For me, this leaping and prancing sometimes takes the form of lists. Other times, it takes the form of free writing – where I just trot ahead, like Sophie, only with a pen, writing down everything as it comes, not pausing, or erasing, or worrying about where I am going.  Evaluating which ideas I will choose to pursue will come later. For now, like our boot and paw prints, my goal is just to play with words and ideas so that the blank, snow-covered surface of my page is filled with the joyful leaps and prances of words and ideas unencumbered by worry and self-editing.

Do you have a blank page that you need to tackle?  Well, first savor that pristine white surface and then jump in! Happy paw-printing, er writing, all!

 

 

GUEST BLOG: When Writing Feels Like a Chore with Rebecca Colby

IMG_2384Today I am delighted to have fellow children’s writer Rebecca Colby as my guest blogger.  Like me, Rebecca finds housekeeping to be a real chore, but also an inspiration.  So grab your feather duster and favorite pen and enjoy Rebecca’s thoughts on writing and cleaning. Take it away, Rebecca!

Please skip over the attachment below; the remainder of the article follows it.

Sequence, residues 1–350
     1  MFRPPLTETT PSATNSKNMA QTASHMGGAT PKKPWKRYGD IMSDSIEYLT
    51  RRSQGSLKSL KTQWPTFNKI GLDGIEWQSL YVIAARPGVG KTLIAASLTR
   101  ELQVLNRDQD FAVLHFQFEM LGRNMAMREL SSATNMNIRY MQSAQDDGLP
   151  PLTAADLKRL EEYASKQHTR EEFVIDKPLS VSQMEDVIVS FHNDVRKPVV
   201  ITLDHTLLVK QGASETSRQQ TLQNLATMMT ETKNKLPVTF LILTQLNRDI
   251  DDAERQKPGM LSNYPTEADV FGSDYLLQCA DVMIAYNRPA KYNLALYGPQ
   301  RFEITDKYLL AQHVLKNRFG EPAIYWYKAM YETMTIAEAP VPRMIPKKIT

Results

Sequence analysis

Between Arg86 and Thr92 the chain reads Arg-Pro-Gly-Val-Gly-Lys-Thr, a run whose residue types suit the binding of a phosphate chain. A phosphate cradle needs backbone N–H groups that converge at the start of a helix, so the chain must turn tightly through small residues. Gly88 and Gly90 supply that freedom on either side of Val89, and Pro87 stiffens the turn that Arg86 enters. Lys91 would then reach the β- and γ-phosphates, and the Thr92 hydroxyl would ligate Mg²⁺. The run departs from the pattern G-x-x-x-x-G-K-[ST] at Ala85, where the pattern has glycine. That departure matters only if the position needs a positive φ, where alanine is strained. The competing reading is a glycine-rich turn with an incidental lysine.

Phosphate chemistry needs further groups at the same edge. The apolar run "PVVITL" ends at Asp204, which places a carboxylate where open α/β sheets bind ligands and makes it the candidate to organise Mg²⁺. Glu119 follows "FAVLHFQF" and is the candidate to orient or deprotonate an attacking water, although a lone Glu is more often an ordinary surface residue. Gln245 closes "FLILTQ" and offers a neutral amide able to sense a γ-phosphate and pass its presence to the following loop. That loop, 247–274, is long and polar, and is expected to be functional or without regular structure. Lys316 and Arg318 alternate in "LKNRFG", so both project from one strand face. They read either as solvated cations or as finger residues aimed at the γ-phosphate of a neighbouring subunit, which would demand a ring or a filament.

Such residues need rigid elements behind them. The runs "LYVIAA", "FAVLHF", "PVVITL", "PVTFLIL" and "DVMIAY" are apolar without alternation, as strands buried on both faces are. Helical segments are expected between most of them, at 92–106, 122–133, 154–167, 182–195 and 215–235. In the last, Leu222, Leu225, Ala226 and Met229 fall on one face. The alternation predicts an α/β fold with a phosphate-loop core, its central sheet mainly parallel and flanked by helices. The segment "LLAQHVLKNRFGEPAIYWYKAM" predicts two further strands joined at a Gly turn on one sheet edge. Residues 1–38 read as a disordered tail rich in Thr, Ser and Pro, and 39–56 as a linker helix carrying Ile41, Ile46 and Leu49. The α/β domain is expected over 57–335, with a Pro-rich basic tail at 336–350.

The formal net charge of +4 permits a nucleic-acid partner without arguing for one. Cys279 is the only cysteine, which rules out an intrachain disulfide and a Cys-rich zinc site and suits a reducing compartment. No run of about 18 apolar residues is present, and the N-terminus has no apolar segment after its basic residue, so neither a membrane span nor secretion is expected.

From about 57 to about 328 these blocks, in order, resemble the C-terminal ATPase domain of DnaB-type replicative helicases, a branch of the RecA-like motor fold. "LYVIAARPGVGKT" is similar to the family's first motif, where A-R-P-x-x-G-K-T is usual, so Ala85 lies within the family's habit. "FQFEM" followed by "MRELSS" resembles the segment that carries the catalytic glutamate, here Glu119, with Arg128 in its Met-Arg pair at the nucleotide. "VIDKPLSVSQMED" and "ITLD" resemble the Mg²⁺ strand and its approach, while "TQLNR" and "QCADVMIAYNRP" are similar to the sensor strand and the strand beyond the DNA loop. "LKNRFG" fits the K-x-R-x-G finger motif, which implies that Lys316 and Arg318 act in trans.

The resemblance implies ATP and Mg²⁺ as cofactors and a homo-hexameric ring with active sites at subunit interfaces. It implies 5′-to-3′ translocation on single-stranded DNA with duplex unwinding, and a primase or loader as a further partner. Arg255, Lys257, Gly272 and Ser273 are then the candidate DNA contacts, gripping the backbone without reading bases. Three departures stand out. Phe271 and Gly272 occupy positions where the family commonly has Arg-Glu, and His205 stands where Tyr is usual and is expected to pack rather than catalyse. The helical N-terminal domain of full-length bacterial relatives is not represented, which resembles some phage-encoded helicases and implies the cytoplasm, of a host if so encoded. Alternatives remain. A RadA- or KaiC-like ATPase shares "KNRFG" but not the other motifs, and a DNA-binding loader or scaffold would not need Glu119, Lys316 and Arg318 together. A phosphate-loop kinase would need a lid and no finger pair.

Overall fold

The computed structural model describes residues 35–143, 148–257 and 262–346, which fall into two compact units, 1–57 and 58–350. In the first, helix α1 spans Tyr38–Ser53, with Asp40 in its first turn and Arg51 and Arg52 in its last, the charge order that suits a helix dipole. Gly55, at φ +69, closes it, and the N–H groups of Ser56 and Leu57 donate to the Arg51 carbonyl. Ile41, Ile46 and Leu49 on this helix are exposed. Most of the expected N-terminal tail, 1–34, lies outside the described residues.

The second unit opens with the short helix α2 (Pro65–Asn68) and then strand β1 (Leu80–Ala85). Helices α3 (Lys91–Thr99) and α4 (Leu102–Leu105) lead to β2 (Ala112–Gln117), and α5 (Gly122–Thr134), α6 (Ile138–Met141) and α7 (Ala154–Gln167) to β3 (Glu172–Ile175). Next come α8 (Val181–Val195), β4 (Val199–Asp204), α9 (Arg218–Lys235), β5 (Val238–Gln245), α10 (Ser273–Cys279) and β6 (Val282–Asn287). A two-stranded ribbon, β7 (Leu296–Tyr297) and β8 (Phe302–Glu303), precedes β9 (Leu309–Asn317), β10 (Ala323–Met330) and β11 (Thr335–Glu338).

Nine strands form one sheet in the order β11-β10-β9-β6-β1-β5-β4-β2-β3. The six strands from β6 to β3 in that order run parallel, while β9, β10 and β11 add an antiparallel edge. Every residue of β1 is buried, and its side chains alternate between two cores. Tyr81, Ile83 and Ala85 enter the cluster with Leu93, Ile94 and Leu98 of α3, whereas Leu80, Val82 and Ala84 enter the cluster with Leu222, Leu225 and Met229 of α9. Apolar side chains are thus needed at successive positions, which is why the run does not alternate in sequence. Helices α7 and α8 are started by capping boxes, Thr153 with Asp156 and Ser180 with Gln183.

For me, writing is a chore. Like cleaning the house, I don’t enjoy it. It’s hard work, and I can think up plenty of excuses not to do it.

“I don’t know where to begin.”

“I’ll only have to do it again tomorrow.”

And my all-time favourite, “I don’t have enough time to get started now.”

The problem is, I do love a clean house. Or in the case of writing, I love the satisfaction that comes with having written.

The solution came to me this year when I knew I had to tackle my house. The mess had been staring me in the face for months and I couldn’t postpone cleaning any longer. (Yes, you read that right. Months! But breaking my wrist seemed like a good excuse at the time.)